Wednesday, February 3, 2010

McConnell's Heritage Speech

Here's Politico's coverage of Senate Republican Leader Mitch McConnell's speech, criticizing the Obama administration for going soft on terrorism:

Senate Minority Leader Mitch McConnell on Wednesday accused the White House of being more concerned about a messaging strategy than prosecuting a war against terrorism.

In a blistering speech to the conservative Heritage Foundation, the Kentucky Republican issued his toughest criticism yet of Obama's efforts to handle terrorists, saying the president has a "blind spot" when it comes to fighting terrorism, citing the administration's handling of the accused Christmas Day bombing.

"Again and again, the adminstration's approach has been to announce a new policy or to change an existing one based not on a careful study of the facts, but as a way of conspicuously distancing itself from the policies of the past - even ones that worked," McConnell said. "It short, it has too often put symbolism over security."

McConnell's speech is the latest indication that the politics of national security could play a dominant role in this year's elections, coming a day after Senate Majority Leader Harry Reid (D-Nev.) accused the GOP of putting politics before national security by blocking key Obama nominees.

Following his Heritage speech, McConnell signaled that the issue of prosecuting terrorists in military commissions rather than U.S. criminal courts sells well all around the country, as it did in Scott Brown's election to Ted Kennedy's old Senate seat.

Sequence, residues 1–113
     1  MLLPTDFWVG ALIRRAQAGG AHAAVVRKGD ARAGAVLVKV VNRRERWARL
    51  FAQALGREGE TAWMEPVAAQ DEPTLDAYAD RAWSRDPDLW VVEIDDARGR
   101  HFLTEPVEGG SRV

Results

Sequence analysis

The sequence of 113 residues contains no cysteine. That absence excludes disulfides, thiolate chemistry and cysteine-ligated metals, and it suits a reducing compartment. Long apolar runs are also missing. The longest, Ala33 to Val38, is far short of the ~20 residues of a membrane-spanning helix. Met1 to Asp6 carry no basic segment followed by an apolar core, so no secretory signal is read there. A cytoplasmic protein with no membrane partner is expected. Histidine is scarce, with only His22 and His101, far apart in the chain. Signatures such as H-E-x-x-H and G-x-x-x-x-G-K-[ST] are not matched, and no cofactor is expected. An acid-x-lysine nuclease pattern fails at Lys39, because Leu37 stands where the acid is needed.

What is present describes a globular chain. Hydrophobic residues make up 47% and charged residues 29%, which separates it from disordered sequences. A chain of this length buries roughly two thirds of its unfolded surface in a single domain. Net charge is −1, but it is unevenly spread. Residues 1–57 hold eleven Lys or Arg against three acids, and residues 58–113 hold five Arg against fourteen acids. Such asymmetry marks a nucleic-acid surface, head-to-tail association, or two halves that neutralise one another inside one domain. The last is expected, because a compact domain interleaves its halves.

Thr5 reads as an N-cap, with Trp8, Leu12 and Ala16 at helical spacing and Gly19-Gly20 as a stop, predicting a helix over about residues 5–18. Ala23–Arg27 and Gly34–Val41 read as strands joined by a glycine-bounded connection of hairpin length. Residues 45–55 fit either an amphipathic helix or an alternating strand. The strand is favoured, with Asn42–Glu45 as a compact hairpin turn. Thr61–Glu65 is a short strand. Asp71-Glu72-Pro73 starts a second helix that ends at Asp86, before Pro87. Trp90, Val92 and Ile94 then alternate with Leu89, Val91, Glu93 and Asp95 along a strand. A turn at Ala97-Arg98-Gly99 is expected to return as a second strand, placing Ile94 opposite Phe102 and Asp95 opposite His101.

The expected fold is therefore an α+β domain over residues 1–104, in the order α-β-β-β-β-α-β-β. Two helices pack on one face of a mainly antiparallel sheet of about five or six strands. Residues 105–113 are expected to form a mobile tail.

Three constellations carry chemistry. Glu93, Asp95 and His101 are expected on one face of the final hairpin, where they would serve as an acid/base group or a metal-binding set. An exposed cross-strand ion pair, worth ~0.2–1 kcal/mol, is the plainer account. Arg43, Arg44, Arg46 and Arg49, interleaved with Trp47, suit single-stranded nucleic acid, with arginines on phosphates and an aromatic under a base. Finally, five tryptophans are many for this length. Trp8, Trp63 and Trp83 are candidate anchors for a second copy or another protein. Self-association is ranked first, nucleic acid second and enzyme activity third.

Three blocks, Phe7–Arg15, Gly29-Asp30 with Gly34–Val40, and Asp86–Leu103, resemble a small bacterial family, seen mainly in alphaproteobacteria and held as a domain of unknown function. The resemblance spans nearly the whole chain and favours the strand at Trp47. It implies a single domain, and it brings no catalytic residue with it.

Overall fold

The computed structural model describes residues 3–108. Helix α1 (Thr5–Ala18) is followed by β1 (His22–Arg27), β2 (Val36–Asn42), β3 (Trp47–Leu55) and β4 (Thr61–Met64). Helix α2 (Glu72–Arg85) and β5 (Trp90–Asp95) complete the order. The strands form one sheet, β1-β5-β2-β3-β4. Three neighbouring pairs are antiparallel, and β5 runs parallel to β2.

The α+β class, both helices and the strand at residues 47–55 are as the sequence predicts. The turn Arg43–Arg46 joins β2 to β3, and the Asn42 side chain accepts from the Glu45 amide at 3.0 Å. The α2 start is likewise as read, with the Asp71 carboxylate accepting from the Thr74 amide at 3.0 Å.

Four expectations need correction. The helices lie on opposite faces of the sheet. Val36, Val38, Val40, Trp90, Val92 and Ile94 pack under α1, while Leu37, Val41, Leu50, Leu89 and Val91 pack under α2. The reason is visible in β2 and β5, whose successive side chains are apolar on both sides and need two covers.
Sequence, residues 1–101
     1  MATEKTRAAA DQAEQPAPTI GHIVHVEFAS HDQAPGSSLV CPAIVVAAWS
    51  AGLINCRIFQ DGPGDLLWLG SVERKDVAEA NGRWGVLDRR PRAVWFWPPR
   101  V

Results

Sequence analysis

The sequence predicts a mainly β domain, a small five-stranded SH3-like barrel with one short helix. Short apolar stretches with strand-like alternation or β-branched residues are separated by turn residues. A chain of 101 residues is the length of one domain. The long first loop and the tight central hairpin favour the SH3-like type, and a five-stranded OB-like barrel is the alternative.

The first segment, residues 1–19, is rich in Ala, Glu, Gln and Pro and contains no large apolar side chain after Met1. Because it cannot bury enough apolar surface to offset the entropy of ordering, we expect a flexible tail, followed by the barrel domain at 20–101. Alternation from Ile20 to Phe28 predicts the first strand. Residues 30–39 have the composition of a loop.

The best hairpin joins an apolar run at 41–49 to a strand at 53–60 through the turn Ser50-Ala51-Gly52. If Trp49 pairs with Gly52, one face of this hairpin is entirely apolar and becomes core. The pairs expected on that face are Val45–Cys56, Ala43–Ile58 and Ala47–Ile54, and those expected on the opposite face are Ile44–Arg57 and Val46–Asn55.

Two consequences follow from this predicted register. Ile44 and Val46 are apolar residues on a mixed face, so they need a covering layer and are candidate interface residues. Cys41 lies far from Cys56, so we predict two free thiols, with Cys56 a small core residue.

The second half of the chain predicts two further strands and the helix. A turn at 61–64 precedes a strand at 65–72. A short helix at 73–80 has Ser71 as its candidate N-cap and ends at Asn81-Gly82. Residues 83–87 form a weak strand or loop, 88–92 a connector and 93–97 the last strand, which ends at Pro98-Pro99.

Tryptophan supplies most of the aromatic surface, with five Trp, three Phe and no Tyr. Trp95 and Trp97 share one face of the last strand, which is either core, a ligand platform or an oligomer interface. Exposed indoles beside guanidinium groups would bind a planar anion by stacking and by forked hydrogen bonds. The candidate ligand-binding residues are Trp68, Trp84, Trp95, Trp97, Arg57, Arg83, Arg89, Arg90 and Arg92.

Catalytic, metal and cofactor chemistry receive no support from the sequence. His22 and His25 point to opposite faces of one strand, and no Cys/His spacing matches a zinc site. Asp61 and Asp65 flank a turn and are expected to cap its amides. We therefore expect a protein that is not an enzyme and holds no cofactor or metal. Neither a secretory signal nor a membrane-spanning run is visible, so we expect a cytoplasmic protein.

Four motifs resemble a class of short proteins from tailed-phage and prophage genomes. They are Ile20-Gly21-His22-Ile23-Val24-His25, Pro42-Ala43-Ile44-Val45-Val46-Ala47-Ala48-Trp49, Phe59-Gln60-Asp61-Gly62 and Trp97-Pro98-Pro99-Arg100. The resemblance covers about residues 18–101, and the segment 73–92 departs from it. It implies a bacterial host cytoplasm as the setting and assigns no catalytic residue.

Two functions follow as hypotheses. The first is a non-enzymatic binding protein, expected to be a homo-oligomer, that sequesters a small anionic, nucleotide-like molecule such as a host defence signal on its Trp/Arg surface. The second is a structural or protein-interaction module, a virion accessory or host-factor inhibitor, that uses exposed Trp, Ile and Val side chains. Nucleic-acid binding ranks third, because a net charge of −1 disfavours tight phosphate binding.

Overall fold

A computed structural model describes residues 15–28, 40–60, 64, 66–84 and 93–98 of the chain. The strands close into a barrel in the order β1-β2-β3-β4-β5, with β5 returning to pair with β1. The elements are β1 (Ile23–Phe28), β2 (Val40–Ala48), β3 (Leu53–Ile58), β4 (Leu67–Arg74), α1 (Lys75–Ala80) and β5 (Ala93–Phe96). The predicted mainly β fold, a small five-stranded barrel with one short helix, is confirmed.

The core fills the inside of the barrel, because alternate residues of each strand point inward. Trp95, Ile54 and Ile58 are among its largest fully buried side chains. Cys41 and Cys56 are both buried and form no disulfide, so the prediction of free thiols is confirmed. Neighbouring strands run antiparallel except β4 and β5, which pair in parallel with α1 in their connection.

"If this approach of puting these people in U.S. courts doesn't sell in Massachussets, I don't know where it sells," he told a questioner.

He added: "You can camapign on these issues anywhere in America."

In his speech to about 100 attendees, McConnell accused the administration of handling terrorism as a "narrow law enforcement" matter, and suggested that Attorney General Eric Holder was ducking GOP questions about the attempted bombing attempt.

"He can't keep dodging this forever."

McConnell said the adminstration was more concerned about getting the alleged bomber - Umar Farouk Abdulmutallab - an attorney rather than critical intelligence from him. And he lambasted the administration for seeking to try accused terrorists in U.S. criminal court rather than at Guantanamo Bay, promising to do "everything we can to deny them the funds they'll need" if they avoid his suggested route.

And he said that the administration belatedly decided against moving detainees to move detainees out of Guantanamo to Yemen.

McConnell dismissed news reports that the aleged bomber was cooperating with law enforcement, criticizing the anonymous sources who leaked the information to the media. McConell said the sources leaked information "aimed at rehabilitating and justifying the administration's mishandling of the Nigerian bomber."

No comments: